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Sunday, September 22, 2013
Telling clients the truth even if it drives a wedge
I am not a divorce lawyer, financial adviser or couples
counselor, but a reader who is an investment adviser sought my counsel about an
issue that likely could use the wisdom of someone engaged in all three
The reader sought advice about "pre-divorce"
counseling, an interesting term since most married couples would likely refer
to themselves as "married" rather than "pre-divorced."
Since a couple's assets are split in a divorce under specific rules, the reader
wanted to know if he should discuss divorce rules when advising a client about
As he explains it, inherited assets remain "separate
property," if the inheriting client keeps the assets in her own name. So
if Ms. Smith receives an inheritance and puts it into the "Ms. Smith
living trust," she keeps it all in the case of divorce. If she puts the
money into the Ms. and Mr. Smith joint checking account, it has now been
co-mingled. If the couple should divorce, the funds are subject to a 50/50
split because of the co-mingling.
"If I bring the subject up, it can drive a wedge
into an otherwise happy marriage," my reader writes. ("Gee dear, you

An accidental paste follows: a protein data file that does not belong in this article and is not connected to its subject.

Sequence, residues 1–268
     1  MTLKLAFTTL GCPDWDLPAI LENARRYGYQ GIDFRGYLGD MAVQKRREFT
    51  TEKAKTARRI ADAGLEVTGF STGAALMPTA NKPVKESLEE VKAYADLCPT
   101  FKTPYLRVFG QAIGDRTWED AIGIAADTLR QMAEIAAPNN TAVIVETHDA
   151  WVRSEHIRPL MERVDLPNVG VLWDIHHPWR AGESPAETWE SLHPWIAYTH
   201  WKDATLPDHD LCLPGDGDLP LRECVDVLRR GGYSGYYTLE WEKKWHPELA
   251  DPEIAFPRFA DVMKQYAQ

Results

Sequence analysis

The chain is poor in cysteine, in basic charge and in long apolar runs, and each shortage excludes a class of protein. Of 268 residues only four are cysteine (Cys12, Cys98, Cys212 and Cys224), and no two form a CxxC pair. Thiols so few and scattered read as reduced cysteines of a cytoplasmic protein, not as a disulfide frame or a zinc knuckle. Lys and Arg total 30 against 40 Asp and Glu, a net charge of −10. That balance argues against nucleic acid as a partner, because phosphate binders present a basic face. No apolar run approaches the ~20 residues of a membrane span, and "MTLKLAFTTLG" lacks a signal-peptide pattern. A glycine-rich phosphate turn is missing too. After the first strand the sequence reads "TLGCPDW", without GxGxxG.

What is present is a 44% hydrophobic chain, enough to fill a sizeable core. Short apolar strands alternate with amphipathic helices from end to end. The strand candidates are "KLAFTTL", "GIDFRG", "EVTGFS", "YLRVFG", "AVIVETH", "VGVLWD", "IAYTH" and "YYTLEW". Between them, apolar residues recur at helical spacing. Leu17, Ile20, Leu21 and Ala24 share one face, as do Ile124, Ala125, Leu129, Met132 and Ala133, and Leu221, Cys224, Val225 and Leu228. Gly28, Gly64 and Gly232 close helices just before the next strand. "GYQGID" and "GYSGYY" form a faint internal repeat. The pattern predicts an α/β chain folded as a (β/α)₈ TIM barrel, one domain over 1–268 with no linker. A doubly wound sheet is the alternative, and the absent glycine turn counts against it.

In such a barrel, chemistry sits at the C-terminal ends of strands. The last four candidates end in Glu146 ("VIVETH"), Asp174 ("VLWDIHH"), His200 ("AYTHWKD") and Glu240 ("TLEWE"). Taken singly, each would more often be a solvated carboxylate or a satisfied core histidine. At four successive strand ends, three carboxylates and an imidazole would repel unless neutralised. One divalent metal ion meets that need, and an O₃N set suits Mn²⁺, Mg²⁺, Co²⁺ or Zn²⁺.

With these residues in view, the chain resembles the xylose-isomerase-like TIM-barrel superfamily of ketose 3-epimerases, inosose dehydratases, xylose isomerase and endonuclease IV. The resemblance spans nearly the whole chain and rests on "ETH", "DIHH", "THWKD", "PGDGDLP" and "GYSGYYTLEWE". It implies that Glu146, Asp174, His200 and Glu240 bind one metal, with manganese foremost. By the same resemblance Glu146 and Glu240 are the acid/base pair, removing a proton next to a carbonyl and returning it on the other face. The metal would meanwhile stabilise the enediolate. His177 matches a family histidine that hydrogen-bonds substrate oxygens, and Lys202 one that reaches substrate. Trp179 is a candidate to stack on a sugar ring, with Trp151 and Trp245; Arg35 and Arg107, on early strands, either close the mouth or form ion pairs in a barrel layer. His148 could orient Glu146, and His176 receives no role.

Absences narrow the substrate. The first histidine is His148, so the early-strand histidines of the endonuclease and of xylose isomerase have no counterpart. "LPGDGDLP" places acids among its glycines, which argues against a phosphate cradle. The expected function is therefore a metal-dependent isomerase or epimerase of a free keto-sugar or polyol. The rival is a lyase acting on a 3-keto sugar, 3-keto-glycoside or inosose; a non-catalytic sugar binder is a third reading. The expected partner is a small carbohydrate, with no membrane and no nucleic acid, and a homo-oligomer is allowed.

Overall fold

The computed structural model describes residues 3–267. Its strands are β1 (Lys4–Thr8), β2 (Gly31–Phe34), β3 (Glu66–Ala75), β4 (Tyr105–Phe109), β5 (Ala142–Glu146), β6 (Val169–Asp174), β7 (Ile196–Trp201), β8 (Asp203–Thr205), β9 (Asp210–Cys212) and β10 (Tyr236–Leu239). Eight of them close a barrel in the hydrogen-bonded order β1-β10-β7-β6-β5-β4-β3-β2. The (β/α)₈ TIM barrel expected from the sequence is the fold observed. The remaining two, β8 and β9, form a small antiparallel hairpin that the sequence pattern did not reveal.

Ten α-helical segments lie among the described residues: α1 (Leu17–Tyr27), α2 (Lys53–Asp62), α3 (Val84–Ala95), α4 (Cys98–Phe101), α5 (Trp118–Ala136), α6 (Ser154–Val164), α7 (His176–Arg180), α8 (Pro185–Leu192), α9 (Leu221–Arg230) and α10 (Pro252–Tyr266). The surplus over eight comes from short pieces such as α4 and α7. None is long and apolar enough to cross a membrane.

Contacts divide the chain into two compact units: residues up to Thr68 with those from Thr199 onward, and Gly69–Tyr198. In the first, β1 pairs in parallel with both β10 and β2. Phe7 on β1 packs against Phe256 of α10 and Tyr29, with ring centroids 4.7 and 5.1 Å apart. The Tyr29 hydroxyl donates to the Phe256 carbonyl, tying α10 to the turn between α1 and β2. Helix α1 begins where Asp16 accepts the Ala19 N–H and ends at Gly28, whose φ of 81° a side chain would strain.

don't think we'll have a future together?") His concern is that if he
doesn't bring it up and the client co-mingles the assets and loses half of her
inheritance in a divorce, then the losing spouse will sue him. On the other
hand, if he advises the inheritor to create a separate trust and the couple
divorces, then that losing spouse sues him.
"Or," he writes," I drive that wedge into
a happy marriage and divorce ensues. I get sued."
Either way, he figures, "I've created a
problem." He doesn't care what they do, only that he protect himself from
liability for "home wrecking."
"Should I bring it up at all?" he asks.
I can't tell my reader how to protect himself from such a
liability any more than I can tell him how to protect himself should he give
his clients investment advice that turns sour.
It's not up to the financial adviser to make the decision
about what to do with a couple's inherited money. But it does seem to be his
responsibility to lay out the couple's options and to be explicit about the
positives and negatives of various options. Presumably, such advice is what the
couple is going to the financial adviser for in the first place.
Couples may not want to discuss the possibility of death
either, but that doesn't let estate lawyers off the hook from explaining how to
best protect their assets should they die. To not do so would simply be
irresponsible. Similarly, when a couple goes to a financial adviser for
financial advice, he should give them the best advice he can give them and lay
out all the options from which they can choose.
Because his clients are going to him for financial
advice, then the right thing for the reader to do is to give them the best
advice he can give them, even if that means bringing up issues that might be
uncomfortable. If that drives a wedge in the relationship, then it's their
responsibility to decide how to navigate that wedge.